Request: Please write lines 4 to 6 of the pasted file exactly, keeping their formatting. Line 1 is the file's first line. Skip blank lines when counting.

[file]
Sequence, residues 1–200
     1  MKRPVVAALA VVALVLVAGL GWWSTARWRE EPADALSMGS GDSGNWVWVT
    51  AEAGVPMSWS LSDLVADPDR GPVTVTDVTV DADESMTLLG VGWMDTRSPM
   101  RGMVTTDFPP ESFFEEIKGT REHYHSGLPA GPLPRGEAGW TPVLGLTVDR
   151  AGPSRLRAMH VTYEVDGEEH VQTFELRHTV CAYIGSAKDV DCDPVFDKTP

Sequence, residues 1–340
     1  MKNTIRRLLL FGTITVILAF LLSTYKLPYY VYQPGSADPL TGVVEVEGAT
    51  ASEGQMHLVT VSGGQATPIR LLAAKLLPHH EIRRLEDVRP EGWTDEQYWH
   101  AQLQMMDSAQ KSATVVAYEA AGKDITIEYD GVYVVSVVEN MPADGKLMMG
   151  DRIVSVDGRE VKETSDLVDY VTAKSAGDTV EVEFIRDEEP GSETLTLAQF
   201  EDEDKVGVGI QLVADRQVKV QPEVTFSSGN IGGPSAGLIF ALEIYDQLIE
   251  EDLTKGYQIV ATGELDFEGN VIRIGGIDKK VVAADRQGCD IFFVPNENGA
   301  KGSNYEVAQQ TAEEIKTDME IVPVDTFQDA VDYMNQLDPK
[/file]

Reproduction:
   101  RGMVTTDFPP ESFFEEIKGT REHYHSGLPA GPLPRGEAGW TPVLGLTVDR
   151  AGPSRLRAMH VTYEVDGEEH VQTFELRHTV CAYIGSAKDV DCDPVFDKTP

Sequence, residues 1–340